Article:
from The American Heritage® Dictionary of the English Language, 4th Edition
- adj. Capable of causing disease.
- adj. Originating or producing disease.
- adj. Of or relating to pathogenesis.
from Wiktionary, Creative Commons Attribution/Share-Alike License
- adj. Able to cause (harmful) disease.
from the GNU version of the Collaborative International Dictionary of English
- adj. Of or pertaining to pathogeny; producting disease
from The Century Dictionary and Cyclopedia
- Producing disease.
from WordNet 3.0 Copyright 2006 by Princeton University. All rights reserved.
- adj. able to cause disease
As our knowledge has advanced it has become abundantly evident that the so-called pathogenic bacteria are not organisms with special features, but that each is a member of a group of organisms possessing closely allied characters.
The so-called pathogenic bacteria never thrive in the baby's body until the infant has been overfed or fed on improper food long enough to break down its resistance.
The fact will some day be generally recognized, as it is today by a few, that the so-called pathogenic bacteria or germs have no power to injure a healthy body, that there is bodily degeneration first and then the system becomes a favorable culture medium for germs: In other words, disease comes first and the pathogenic bacteria multiply afterwards.
There are other flu viruses that have emerged in recent decades such as the highly "pathogenic" (disease-causing) bird flu H5N1 that may have the potential to cause much greater human harm.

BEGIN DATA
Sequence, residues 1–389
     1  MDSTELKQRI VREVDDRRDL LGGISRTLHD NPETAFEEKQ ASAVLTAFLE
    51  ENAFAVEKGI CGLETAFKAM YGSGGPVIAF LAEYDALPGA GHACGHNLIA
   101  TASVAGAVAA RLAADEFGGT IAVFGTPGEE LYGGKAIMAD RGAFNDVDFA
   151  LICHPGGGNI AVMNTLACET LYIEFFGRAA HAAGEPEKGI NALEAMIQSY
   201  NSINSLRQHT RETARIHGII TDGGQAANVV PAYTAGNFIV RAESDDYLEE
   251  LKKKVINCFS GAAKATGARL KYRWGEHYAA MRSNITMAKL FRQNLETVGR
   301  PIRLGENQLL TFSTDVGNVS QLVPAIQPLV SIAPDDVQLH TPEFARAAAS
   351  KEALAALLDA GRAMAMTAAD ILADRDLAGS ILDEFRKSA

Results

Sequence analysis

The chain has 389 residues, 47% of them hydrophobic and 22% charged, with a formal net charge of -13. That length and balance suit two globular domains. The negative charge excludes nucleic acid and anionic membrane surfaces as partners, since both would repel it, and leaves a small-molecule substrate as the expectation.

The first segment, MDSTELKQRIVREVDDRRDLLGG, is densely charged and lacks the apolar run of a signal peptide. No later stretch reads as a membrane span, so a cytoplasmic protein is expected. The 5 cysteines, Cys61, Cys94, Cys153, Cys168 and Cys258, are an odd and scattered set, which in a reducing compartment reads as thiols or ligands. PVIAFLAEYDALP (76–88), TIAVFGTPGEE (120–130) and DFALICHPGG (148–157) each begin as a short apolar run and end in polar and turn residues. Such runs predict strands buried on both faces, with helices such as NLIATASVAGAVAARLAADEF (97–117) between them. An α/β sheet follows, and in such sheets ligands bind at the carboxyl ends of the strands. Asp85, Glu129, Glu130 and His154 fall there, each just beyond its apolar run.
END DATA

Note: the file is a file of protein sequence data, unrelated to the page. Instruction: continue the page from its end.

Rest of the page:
There are other flu viruses that have emerged in recent decades such as the highly "pathogenic" disease-causing bird flu H5N1 that may have the potential to cause much greater human harm.
Chlorination aims at destroying or, at least, inactivating harmful microorganisms, such as pathogenic bacteria, viruses, and cysts present in the water.
It's considered far more "pathogenic," or more likely to cause disease than subcutaneous fat - fat just beneath the skin that a person can pinch.
The union said Friday in a statement that its complaint accused the management of France Télécom and its mobile phone unit Orange of conducting a "pathogenic" restructuring.
"Our findings provide good evidence that, by accumulating metals, these plants benefit from enhanced protection against enemies such as pathogenic microorganisms and herbivores."
'Our findings provide good evidence that, by accumulating metals, these plants benefit from enhanced protection against enemies such as pathogenic microorganisms and herbivores. '
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